As they rushed me down the hall, someone handed me a phone to try and call Angelica one last time before I went under. Her phone was still off. I thought I was going to die without saying goodbye. I was put into another room and my dad came running in crying, and that’s when I lost it. I’d never seen him so afraid. I’d never been so afraid. And then I went into surgery.
No one was able to reach Angelica for hours. Once she turned her phone on, she had missed something like 80 calls and almost as many voicemails. I was in surgery by then, and no one knew if I was going to make it. She hopped on the first flight home, thinking the whole time she might be coming home a widow, and that she hadn’t gotten to say goodbye. The two year anniversary of our wedding was only a week away. We still feel the impact of this, regularly. It’s so hard to leave each other even for day trips.
I was given a second miracle that day, the first being the national guard convoy that had just happened to be several cars ahead of mine—that many soldiers immediately used their training and compassion to pull me from my car. I wasn’t the only one they saved. The second miracle came from the surgeons. They removed almost all of my intestines from my abdomen, spread them out on a table, and stitched back together the numerous lacerations. My airbag hadn’t deployed, and my seatbelt had restrained me so effectively that the lower belt lacerated many internal body parts, including my mesenteric artery, intestines, and mesentery. My head had smashed the steering wheel and given me a minor TBI and some serious neck and shoulder problems. I later learned that my left pinky had caught on the steering wheel as my car spun, and the momentum and power had ripped it nearly clean off my hand—and that this is surprisingly common.
Despite all that, I woke up in better shape than even the surgeons expected. After several hours of surgery, they were able to drain the blood, stitch my artery, and repair all my organs. My hand would be operated on in a few days, once I’d recovered more. Even the hand surgery went better than expected. He said he was proud of the work he’d done on my hand, that it was some of his finest work ever. He’d impressed himself, but that the recovery really depended on how seriously I approached physical therapy. I told him that I played piano, that I would work hard to get back to normal. He told me that I’d probably regain 50% functionality in my pinky, and about 75% in my left hand. I’d say today I’m at about 80% for both.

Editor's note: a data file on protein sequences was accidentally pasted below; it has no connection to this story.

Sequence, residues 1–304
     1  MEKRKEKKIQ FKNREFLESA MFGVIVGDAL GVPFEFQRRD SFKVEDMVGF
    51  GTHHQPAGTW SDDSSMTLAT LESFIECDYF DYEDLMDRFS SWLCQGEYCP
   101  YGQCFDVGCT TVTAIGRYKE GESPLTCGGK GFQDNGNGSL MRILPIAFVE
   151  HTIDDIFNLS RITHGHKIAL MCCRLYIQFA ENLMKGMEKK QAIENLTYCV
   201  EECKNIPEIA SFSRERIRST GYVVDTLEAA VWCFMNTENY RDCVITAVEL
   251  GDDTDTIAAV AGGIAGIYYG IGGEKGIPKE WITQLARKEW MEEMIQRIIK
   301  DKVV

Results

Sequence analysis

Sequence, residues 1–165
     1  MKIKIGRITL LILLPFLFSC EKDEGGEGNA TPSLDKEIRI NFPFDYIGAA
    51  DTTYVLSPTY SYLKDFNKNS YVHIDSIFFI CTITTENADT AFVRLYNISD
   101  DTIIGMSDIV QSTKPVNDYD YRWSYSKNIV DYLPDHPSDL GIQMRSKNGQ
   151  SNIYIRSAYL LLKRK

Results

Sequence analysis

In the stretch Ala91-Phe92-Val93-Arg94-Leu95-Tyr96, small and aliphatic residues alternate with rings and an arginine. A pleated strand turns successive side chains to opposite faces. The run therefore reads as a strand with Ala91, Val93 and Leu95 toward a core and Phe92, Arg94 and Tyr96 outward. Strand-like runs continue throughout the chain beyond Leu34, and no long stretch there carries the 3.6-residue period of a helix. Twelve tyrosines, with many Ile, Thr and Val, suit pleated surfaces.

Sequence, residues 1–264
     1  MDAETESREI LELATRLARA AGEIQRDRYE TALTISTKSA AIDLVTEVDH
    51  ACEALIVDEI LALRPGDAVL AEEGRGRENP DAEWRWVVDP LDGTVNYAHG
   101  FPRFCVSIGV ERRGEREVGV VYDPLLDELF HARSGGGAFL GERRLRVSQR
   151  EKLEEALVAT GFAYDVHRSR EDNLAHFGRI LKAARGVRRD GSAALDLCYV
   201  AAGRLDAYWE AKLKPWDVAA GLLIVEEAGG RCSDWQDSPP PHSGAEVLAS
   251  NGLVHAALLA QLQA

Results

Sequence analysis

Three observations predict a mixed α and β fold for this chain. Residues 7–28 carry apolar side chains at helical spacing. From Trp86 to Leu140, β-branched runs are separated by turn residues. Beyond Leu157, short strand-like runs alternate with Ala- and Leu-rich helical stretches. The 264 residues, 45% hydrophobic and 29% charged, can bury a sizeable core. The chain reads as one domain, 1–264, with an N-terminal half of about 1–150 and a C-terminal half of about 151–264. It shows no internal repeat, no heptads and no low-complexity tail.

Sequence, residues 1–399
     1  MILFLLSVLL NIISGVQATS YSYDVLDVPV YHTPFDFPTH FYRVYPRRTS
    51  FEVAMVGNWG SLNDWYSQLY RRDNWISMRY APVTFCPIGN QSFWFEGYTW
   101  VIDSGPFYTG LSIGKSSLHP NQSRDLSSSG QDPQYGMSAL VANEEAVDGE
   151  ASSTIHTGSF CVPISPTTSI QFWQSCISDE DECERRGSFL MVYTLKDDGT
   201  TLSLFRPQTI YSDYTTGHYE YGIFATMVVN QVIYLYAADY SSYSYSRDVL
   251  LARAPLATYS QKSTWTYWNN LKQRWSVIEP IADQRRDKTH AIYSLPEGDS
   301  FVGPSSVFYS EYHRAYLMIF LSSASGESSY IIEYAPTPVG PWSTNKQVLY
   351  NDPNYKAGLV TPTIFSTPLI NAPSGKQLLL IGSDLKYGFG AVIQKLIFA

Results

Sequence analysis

Shortly after the accident, on a day when I was really struggling, my dad said something like, “You gotta understand, everyone thought you were going to die that day, Ryan. But you didn’t. You were given another chance. You’re in the bonus round.” I return to this scene often, when I’m struggling, and in it I find the strength to be grateful. Although everyone struggles, not everyone is given that gift.
And so began the struggle between gratitude and physical and emotional pain. We’d moved back to Michigan only three weeks prior and were living at a friend’s house in Lansing while we looked for our own place. Because of that, we had no medical team set-up. No family doctors. Because we didn’t have a network, it took several months to find a doctor who would see me. For months, every doctor I tried to see denied me, stating something along the lines of “auto billing is too complicated.” I was forced to return to the ER and see my initial surgeons far longer than appropriate for either of us. Fortunately, my hand surgeon was able to get me into PT within a month of surgery, and I worked on rehabilitating my hand for several hours every day for over a year.
The first six months, I couldn’t do much except lie on the couch. If I made it to a different room on my own, that was a huge success. Angelica became caretaker and sole income earner. Within 6 months, my insurance company began refusing to pay for services—including my ambulance—and fighting against my prescribed treatment. Doctors became frustrated with the billing of my case and dropped me as their patient. Our medical debt piled up, and we were only able to scrape by because our families were able to help us financially. Ultimately, I had to sue my insurance company in order to get them to pay. Despite winning the lawsuit almost a year later, they still were only forced to partially pay my medical debt. And they have fought paying for service since then, despite Michigan law mandating auto-insurance companies are legally obligated to cover all serious accident-related medical expenses for life.
Our best friends and family came to our aid like the heroes they are. During the first year, they were all we had; there was almost no institutional support. Angelica and I learned so much about ourselves that year—especially about Angelica’s strength. We learned about the fragile nature of identity. We learned that many of the things we’d thought were important simply weren’t. And we learned of the necessity and power of community.